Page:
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SXSW Watch: My Twitter-Crit Panel, or, A Lot of Words About 140 Characters

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Mike Kemp / In Pictures / Corbis

I have survived my first South By Southwest panel appearance. On my Sunday-morning panel, “Arts Criticism in 140 Characters or Less,” my fellow panelists and I used far more than 140 characters at a shot to explain how social media, especially Twitter, have changed the way we write about the TV shows and movies we write about.

As usual before such panels, I was worried there wouldn’t be enough to say. As usual, on a panel full of professional opinion-havers, there wasn’t nearly enough time to say it, and more great audience questions than we had time to answer. And the whole thing went by in such a blur, I can barely recall what I said, much less the other panelists.

So in the spirit of the topic, I’ll rely on the quotes that our audience tweeted on Twitter to jog my memory:

* One of the first questions our moderator, NPR’s Linda Holmes, asked was how we used Twitter as a writing medium. Emily Nussbaum, TV critic for the New Yorker, said she considers Twitter more of a “cocktail party” than a writing medium, a good analogy. (Although, she added–improving the analogy–one where your every drunken utterance is preserved forever.)

* Another difference, I added, is that Twitter, an immediate and two-way medium, encourages a different kind of criticism: you tend to write in a more off-the-cuff and personal way, and you tweet more often about things airing live on TV. In other words, it gets TV critics–who usually write from the privileged position of seeing screeners in advance–to write about watching TV the way regular civilians do: live viewing, channel surfing, watching the TV on mute while on the treadmill at the gym.

* Likewise, Linda said, Twitter opens up critics to opine on more diverse subjects: she’s probably not going to write an entire essay on Dance Moms, but she’ll do a couple tweets on it. (Point taken, but I would totally. Read that essay on Dance Moms. And I think sometimes Twitter leads you to realize that little shows like that are worth writing about.)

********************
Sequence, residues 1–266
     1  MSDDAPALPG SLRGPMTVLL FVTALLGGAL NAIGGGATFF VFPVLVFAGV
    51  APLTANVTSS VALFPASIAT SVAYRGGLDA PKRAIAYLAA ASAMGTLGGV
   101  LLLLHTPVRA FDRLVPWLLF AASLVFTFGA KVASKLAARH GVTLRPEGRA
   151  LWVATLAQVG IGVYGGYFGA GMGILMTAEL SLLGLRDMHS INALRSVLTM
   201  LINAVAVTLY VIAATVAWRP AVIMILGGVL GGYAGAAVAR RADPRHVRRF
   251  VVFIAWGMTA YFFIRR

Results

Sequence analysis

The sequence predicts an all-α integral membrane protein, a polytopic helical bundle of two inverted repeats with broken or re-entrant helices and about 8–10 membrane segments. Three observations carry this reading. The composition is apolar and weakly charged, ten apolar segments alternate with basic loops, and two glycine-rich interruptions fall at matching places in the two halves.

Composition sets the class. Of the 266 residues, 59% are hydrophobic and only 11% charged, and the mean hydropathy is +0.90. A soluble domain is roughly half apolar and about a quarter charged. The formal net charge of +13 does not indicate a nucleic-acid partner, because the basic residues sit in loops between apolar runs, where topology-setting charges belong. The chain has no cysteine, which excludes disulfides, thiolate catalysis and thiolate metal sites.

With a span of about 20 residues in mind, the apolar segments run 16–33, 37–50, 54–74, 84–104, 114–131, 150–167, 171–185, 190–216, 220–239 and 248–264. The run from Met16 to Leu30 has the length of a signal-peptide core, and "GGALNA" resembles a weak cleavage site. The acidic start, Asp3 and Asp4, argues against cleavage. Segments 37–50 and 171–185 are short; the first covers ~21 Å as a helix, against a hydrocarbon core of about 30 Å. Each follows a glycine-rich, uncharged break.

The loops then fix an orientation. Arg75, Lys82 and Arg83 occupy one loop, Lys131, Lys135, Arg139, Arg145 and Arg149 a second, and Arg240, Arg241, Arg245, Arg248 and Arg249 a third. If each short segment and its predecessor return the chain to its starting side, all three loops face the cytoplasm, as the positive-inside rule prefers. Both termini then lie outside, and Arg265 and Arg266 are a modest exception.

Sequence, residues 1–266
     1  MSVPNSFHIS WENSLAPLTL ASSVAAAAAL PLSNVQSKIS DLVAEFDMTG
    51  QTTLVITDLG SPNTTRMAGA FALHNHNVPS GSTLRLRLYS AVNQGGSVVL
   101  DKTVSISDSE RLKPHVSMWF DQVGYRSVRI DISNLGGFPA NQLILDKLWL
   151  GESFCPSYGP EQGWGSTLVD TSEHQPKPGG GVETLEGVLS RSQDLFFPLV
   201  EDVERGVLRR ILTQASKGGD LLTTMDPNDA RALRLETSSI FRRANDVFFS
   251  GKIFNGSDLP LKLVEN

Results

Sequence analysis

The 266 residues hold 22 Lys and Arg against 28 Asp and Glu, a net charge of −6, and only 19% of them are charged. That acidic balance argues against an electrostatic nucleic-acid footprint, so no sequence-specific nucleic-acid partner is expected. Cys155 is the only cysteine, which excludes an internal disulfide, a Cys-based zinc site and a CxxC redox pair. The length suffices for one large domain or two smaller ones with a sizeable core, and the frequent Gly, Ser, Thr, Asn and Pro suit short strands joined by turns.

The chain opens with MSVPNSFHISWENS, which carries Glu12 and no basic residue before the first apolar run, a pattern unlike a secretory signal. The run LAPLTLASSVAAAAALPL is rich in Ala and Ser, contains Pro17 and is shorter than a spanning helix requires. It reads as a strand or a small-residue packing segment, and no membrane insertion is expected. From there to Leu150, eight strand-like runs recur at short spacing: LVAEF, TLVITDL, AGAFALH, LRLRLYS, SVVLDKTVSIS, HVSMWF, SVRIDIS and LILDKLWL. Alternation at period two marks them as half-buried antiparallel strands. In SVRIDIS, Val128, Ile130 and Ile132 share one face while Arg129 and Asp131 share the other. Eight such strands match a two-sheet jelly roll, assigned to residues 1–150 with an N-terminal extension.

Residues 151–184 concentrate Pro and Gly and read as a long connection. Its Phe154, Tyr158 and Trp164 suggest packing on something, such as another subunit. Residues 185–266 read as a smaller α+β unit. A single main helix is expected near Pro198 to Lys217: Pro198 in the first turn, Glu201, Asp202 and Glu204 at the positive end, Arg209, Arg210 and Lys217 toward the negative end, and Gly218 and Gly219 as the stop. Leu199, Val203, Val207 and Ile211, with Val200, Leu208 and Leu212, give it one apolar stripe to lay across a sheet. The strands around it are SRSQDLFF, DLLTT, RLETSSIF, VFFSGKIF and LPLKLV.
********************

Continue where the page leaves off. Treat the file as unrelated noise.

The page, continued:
* Our movie-critic panelist, who goes by the pseudonym FilmCritHulk, took on the recent complain by novelist Jonathan Franzen that Twitter is too brief and reductive a medium to take seriously. Hulk argued that it’s just the opposite: having started his writing career as a Twitter critic has led him to start a blog where he writes lengthy, thoughtful essays on film that go well beyond thumbs up or down reviews.

* We were also joined by Alex Iskold, CEO of GetGlue, a social media network for entertainment, talked about how his company and those like Twitter have expanded the global watercooler of fans watching and discussing shows at once, which can drive both increasing positivity—”People are more willing to shout if they like something,” he said—or, in some cases, a loud voice of negativity. (I made the case that commenting online through Twitter et al tends to reward the most intense statements, whether positive or negative: “Nuance doesn’t get RT’ed,” I said. It was a glib, un-nuanced statement, and therefore it got tweeted more than anything else I said.)

* Since anyone can be a critic on Twitter now too, is the job of critics irrelevant? Maybe ironically, social-media Iskold was the panelist most effusive about the continuing importance of critics—readers, he said, will still want to look to authorities they trust, and networks will still care about critics’ influence (to the extent they ever did). The critics on the panel were more likely to say that there’s not necessarily an absolute difference between their opinions and those of Twitter civilians and blog commenters; we just have to try to bring something more to what we write. (My take: the importance of a critic is not to be an expert in any particular show, because there is always a fan who knows much more than you do about your favorites—something I learned long before Twitter. Instead, critics have to be the generalists—not specializing in a few things they love, but synthesizing and drawing comparisons between a lot of different works, and well as other arts and the larger society. We’re the few, the proud, the big-picture-ists.)

* But it’s not just other fans who are out there are Twitter now too. As Linda Holmes noted, the people that critics are critiquing are often right there on Twitter with us—actors and show creators, sometimes vocally active. Each of us agreed that we don’t try to actively engage, or online-socialize with, TV-makers in general. (I believe in the Lester Bangs attitude, “The rock stars are not your friends.”) But we will generally engage back when they tweet at us, and, as Holmes noted, other critics and bloggers make a point of addressing their subjects, as in, “Hey @danharmon! Come fight with me!” (The Community creator is one of the most active showrunners on Twitter.)

Of course, not long after an audience member tweeted the quote, Harmon soon replied: “WHO SPEAKS MY NAME.” See? Twitter works!

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